Children’s health advocates, clergy and lawmakers gathered in Philadelphia Monday to talk about the lead-paint problems that are making city kids sick.
In 2015, about 2,700 Philadelphia children had a blood test that showed a harmful level of lead.
By email, city spokeswoman Lauren Hitt said most of those tested had a lead level in the range of 5 to 9 micrograms per deciliter.
“The cutoff of 10 is the level at which most health departments (including the Philadelphia Department of Public Health) carry out remediation of lead hazards at home; below that, most health departments (including the Philadelphia Department of Public Health) educate parents about risks and recommend to pediatricians to monitor with additional testing,” Hitt said.
While health concerns in Flint, Michigan, were linked to unsafe pipes, in Philadelphia flaking lead paint in older homes is the problem that most causes lead poisoning.
Pennsylvania state Sen. Vincent Hughes, Democratic chairman of the Senate Appropriations Committee, called Monday’s meeting. He said, in just 24 hours, a great many concerned, important people came together to talk about solutions.
“Obviously, we are disappointed that the level of the problem is where it is,” Hughes said. “But we weren’t taking shots at anyone today.”
“This is a very much a resource issue, it’s very much a public awareness issue because that keeps the pressure on,” he added.
The Rev. Mark Kelly Tyler, senior pastor of Mother Bethel AME Church, said the city must be proactive in protecting children.
He suggested the city follow the Philadelphia Parking Authority mode.
“If you don’t pay your parking tickets, they boot your car,” he said. “If you don’t take care of the lead in the house, we should take the income. And if you want the rental income back, you’ve got to fix the problem. And if you don’t fix the problem, they should then move toward seizing the property and selling it.”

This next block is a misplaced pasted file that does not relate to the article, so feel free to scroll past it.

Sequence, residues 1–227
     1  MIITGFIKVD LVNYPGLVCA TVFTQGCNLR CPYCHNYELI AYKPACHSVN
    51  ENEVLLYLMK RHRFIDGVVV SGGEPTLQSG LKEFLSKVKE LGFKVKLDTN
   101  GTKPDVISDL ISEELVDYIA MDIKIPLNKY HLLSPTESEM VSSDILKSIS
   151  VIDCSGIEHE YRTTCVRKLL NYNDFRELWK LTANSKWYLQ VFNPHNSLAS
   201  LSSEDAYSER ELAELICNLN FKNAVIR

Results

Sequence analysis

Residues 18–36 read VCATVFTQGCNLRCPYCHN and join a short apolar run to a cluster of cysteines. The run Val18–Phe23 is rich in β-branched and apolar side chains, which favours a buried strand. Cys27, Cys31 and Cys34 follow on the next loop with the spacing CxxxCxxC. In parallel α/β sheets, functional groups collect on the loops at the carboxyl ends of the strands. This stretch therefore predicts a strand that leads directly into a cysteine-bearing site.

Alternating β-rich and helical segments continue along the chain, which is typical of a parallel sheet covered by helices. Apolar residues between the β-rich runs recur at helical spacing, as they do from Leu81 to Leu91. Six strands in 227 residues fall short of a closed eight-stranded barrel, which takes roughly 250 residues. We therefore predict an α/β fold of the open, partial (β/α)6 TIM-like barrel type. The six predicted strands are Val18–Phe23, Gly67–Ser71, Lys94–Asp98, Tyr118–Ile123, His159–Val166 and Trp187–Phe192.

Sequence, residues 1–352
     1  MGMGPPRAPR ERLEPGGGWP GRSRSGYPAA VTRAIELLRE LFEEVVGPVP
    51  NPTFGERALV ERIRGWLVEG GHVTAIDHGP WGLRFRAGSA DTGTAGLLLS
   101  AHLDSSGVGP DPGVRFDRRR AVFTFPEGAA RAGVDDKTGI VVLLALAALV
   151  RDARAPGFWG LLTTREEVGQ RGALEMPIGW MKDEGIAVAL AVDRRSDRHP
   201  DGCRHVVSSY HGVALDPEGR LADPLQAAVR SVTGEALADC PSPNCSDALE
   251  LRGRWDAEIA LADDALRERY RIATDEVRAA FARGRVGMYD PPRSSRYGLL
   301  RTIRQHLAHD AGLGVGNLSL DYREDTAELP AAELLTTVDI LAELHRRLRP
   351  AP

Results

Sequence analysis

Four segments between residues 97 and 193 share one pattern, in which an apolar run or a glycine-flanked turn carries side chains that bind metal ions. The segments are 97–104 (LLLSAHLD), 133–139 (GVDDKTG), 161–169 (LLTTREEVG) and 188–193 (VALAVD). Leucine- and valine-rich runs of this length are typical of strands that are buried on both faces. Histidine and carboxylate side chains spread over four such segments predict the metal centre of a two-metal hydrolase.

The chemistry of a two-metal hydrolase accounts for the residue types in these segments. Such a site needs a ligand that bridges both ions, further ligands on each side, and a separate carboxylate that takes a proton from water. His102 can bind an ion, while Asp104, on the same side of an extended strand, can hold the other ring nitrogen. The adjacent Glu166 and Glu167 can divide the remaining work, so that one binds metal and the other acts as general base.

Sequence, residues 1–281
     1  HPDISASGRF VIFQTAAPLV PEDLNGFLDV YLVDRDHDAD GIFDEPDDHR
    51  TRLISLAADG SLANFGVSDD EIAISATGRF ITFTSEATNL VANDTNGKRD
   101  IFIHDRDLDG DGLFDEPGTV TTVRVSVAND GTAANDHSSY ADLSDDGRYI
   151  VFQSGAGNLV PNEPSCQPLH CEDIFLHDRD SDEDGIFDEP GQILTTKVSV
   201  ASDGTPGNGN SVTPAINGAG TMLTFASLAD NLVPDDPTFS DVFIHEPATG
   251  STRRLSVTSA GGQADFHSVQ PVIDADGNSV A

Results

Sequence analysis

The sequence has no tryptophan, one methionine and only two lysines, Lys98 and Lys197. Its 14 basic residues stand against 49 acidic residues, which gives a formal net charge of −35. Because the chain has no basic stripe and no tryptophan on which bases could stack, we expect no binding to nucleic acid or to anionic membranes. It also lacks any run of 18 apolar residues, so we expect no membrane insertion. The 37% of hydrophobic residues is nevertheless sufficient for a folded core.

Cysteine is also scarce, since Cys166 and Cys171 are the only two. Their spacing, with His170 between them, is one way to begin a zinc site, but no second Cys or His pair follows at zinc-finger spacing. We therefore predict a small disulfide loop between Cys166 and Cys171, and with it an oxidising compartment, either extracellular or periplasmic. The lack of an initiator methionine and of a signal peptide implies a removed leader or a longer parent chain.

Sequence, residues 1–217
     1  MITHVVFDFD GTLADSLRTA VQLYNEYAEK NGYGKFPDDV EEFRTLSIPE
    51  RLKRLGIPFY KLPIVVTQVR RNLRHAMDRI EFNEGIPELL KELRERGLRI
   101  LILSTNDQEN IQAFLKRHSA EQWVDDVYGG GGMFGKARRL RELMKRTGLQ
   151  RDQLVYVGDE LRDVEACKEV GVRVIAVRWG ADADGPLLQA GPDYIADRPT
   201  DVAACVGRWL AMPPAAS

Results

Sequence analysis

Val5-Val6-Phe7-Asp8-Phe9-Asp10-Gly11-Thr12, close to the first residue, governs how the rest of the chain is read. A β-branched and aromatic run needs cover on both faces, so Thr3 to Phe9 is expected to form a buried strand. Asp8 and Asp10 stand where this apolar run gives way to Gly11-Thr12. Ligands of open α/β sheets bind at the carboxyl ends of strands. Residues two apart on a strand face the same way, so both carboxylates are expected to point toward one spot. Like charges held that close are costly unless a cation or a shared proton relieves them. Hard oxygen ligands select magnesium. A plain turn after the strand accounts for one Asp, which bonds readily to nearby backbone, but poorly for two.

Tyler says the Flint crisis — and compelling coverage in the Philadelphia Inquirer and Daily News — has reawakened concerns about lead paint in Philadelphia, but the issue is not new.
Several years ago, the city passed a requirement that landlords certify their property is lead-safe for small children.
“The problem is a lot of landlords are not doing it,” said attorney George Gould of Community Legal Services. His group represents individual families as well as the Tenant Union Representative Network in Philadelphia.
Gould said he’s been fighting for 40 years to push building owners to clean up their properties.
“The sad part is that much of this happens in poverty areas, minority areas in the city,” he said.
During the meeting, Pennsylvania Sen. Art Haywood, Democratic chairman of the Senate Aging and Youth Committee, said the financial hit and penalties associated with not making a house lead-safe have to cost more than the expense of taking the necessary safety steps. Otherwise, he said, landlords won’t be motivated to make changes.
Lead poisoning can cause brain damage in very young children, as well as delays in speech and hearing.
Cuts in federal funding and too few inspectors have made it hard to identify and pursue landlords who ignore the rules, city officials said.
“To date there have been no fines or penalties issued, because while the 2012 law imposed requirements on landlords, it did not establish clear mechanisms for enforcement of those requirements,” wrote Hitt. “The city has been developing a mechanism for issuing code violation notices (tickets) to landlords who do not submit these certificates, and will begin issuing these tickets soon.”